First make sure you have some unallocated space on the left or right of the main partition where your Ubuntu is installed as the figure above.
Now lets evaluate the formula for creating the appropriate swap file. Below is a good explanation:
"I would say a good rule of thumb is indeed just as was mentioned above. 2 times the physical memory. Something to consider here, while it is possible to use a smaller swap partition, and it will suffice under most normal circumstances, if you want this system to be rock solid stable, I would indeed follow the 8 GB recommendation. In fact I recommend 2 * RAM + 1 MB so that there is absolutely room to swap out 2 entire copies of memory. This avoids the "shell game" scenario which can have negative performance repercussions. What this will do for you is guarantee a level of resiliency should you encounter an extraordinary event with your system.
I've seen scenarios where applications behave badly in unattended environments and before you know it, your system starts slowing down to a crawl.
Depending on what you are doing, you might even be able to dispense with the swap file entirely. The extra space for the OS is handy when running many applications at once. However if you only intend to run a few processes, do not intend to interact with the GUI disabling the swap file might be appropriate.
But if you are going to have a swap file I always use the sizing formula below.
[(2 x RAM) + 1 MB] = Swap File Size
I also recommend putting your swap file on a seperate disk whenver possible as this will increase performance as the OS can swap in and out at the same time as read/writes from the data disk.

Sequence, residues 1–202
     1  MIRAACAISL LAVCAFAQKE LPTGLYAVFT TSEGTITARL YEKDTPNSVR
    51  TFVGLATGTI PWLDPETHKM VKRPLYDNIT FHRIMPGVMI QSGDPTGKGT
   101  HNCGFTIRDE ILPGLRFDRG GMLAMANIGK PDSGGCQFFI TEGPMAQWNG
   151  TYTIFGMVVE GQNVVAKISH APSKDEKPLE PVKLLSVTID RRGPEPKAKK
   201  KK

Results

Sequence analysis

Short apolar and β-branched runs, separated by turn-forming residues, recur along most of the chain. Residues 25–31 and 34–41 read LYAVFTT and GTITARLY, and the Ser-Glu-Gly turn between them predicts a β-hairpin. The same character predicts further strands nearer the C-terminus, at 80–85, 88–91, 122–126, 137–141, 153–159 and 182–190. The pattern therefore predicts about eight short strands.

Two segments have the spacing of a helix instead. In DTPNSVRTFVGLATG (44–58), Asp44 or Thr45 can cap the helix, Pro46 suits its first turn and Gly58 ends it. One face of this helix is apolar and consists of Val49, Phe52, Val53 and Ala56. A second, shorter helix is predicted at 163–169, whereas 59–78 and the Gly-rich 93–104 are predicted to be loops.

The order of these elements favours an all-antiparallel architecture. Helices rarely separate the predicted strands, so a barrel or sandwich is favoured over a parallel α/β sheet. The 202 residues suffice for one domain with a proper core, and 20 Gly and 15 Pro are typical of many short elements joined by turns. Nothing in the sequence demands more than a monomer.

I hope this is helpful." - Source: http://superuser.com/questions/16280/swap-partition-size-for-4gb-ramhttp://superuser.com/questions/16280/swap-partition-size-for-4gb-ram
Once you have decided on the swap space it's time to create it.
Right click on the unallocated space on your hard drive and click on New. A dialog box as the image below will appear. Make selection as in the image.
Then click on the 'green check icon' - which says 'Apply all operations' and wait.
Once the linux-swap partition is created - once again - Right Click on the 'linux-swap' partition and select Swapon.
But the problem here is this 'swap' turns off after restarting.
So to permanently activate the 'swap partition' follow the steps below:
Activating the swap partition
(If your swap is on your primary hard drive, you don't need to do anything here.) Now you need to find what partition your swap is on and what its UUID is. UUID?! you say? Well that's the Universally Unique IDentifier for the partition so you can reference it even if it's on a different mount point from boot-to-boot due to adding disks, etc.
- Pull up a terminal and run
& and enter your root password. The & lets this process run while still giving you access to the command line.
- Right-click on your swap partition and choose *Information*. You should see the **Path** and **UUID** listed there. Keep this open for further reference.
& and look for the line that has *swap* in it. It should be the third column, separated by spaces or tabs. You can either use the path or the UUID to tell Linux where to find your swap partition. I recommend UUID because it'll stay constant even if you move the partition around or the disk somehow becomes sdb instead of sda or something like that. Make the appropriate edits and save the file. Your line should look something like this if you used UUID (with your UUID instead, of course):
gksu gedit /etc/fstab
- UUID=41e86209-3802-424b-9a9d-d7683142dab7 none swap sw 0 0
- or this if you used path: /dev/sda2 none swap sw 0 0
- Save the file.
- Enable the new swap partition with this command.
sudo swapon --all OR $ sudo swapon --all --verbose swapon on /dev/sda2 swapon: /dev/sda2: found swap signature: version 1, page-size 4, same byte order swapon: /dev/sda2: pagesize=4096, swapsize=2147483648, devsize=2147483648
- Confirm that the swap partition exists.
$ cat /proc/swaps Filename Type Size Used Priority /dev/sda2 partition 2097148 0 -1
- Reboot to make sure the new swap gets activated properly at startup.